• CFH

    Dear Reader, I have been where you are and often feel the same way still. What gets me through is the knowledge that as Catholics we can join our sufferings to those of Christ and offer them up for the good of others and of the whole world. Our lives, even our sufferings, are not without meaning or merit. Persevere! Your consolation shall be the greater for it!

  • Clare Krishan

    Praying in PA.

    Consider that for some people (eg diabetics) our organs (eg pancreas) need supplementing with particular chemical adjuncts to keep up with the exertions of normal living (eg without the aid of insulin — and drugs that ensure the ability to generate it — carboydrates in food would be toxic). Our brains (especially the amygdala) can get burned-out from anxious over-exertion; perhaps your physicians can help determine if a low-dose of anti-anxiety meds (two close family members benefit from citalopram) would help combat emotional exhaustion, seasonal lethargy and major depression? Rather than judging yourself as only having 40% of your batteries plugged in, perhaps they’re all plugged in but aren’t being re-charged that last 60% because your mind is lacking the supplements it needs to get the power flowing? Good sleep rhythm, fresh air and recreational exercise are key to balancing those ratios. Mind-fog can cloud our cognitive processes, so be gentle on yourself. May Mary’s vitality guide your mind’s eye to the serenity you seek.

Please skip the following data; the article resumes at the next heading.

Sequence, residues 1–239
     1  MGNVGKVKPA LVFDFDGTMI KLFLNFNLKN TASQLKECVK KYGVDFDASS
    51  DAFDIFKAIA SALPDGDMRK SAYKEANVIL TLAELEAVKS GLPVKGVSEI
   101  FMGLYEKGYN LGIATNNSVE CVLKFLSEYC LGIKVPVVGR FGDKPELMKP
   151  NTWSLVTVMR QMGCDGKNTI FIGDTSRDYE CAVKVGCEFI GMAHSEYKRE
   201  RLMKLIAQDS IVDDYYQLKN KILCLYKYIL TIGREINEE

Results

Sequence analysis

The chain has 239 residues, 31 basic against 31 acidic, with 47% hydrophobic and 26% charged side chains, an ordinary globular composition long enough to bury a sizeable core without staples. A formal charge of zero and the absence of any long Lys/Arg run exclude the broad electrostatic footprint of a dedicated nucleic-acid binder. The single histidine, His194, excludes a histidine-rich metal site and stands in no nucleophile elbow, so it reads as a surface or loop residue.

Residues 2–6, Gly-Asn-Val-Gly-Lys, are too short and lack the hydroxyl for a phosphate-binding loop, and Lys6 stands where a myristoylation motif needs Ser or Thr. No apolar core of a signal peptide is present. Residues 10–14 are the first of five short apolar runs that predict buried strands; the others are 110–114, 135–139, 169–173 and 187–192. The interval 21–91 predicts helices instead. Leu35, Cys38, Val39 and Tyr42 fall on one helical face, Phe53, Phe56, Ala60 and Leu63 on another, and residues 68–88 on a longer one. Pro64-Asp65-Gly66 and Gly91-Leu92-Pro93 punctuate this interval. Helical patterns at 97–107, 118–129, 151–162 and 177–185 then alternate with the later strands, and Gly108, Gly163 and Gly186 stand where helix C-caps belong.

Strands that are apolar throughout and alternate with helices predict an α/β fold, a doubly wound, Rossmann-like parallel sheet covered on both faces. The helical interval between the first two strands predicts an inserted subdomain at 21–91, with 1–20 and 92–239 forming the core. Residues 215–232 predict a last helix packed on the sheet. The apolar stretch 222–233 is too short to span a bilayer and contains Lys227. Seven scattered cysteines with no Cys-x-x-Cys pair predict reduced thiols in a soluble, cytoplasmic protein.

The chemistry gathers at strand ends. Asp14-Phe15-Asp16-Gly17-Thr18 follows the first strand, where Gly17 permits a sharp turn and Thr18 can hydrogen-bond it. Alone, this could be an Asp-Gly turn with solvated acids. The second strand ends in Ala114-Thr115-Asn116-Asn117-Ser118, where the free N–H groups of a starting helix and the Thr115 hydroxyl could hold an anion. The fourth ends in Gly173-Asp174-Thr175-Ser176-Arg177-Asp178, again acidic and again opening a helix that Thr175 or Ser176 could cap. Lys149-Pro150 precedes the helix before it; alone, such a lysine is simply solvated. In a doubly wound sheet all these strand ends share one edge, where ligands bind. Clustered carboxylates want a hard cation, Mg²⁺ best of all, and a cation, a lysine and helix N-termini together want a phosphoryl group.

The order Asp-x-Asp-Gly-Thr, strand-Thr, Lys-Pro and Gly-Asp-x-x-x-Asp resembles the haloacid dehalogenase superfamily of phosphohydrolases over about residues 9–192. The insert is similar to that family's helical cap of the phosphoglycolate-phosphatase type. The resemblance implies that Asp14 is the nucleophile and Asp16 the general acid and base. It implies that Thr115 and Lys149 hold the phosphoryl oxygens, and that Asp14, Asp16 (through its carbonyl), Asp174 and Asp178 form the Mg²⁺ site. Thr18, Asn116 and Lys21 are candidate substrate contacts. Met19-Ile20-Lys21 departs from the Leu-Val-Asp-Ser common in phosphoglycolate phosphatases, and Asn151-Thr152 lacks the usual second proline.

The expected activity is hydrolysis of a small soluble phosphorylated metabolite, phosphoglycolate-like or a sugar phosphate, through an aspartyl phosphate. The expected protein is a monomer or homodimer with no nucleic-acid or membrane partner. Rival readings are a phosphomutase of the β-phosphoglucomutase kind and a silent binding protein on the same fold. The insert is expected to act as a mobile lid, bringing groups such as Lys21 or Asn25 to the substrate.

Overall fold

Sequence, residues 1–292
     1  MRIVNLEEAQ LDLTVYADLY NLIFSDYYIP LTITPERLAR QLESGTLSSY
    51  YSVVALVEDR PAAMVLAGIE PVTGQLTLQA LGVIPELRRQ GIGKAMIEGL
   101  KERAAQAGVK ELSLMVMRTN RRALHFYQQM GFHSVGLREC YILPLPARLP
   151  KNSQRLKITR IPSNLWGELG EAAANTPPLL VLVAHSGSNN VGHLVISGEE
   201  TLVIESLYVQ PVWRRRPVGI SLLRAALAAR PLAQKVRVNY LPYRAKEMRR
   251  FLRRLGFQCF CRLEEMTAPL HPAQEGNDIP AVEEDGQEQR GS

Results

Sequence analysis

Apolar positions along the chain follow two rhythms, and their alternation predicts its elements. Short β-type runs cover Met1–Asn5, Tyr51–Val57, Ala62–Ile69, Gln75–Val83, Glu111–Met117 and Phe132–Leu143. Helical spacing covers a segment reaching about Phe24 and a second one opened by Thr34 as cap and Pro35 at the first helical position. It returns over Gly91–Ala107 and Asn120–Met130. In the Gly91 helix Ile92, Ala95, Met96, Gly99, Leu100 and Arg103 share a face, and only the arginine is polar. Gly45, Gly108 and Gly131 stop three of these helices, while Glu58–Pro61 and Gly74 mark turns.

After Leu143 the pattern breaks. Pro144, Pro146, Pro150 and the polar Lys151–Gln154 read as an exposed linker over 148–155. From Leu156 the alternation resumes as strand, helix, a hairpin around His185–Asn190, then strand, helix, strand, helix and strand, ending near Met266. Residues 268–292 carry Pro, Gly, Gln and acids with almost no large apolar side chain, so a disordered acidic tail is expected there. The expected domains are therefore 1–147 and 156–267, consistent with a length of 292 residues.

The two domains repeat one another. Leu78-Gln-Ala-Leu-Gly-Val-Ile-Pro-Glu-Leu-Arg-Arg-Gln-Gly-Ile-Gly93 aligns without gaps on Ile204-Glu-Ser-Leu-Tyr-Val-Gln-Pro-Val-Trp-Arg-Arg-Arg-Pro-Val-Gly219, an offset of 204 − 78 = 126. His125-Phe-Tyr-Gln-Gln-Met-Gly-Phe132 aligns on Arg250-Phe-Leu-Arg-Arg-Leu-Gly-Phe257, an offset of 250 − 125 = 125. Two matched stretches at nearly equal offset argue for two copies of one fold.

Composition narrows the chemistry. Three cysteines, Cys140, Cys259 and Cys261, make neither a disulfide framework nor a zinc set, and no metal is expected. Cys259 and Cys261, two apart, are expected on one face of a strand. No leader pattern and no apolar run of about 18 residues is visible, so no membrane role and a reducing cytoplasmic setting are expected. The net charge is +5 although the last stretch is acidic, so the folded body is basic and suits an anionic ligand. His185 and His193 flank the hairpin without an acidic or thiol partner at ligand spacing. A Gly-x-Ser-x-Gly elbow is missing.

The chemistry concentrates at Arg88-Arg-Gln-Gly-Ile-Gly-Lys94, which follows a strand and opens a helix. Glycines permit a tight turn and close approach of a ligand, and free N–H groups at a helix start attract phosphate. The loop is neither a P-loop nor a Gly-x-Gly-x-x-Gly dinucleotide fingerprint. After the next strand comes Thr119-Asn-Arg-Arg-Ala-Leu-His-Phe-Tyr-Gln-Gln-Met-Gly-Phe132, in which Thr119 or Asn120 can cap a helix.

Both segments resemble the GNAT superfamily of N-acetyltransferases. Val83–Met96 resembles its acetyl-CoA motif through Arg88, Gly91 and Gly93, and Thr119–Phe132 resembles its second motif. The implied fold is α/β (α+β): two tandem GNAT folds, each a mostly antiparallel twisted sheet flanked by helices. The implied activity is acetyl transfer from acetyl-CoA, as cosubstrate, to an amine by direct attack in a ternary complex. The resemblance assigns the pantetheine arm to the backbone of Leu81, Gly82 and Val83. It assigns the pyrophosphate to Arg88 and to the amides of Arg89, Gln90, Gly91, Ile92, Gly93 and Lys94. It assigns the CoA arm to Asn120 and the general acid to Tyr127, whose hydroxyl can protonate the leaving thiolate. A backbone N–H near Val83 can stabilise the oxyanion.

• Marthe Lépine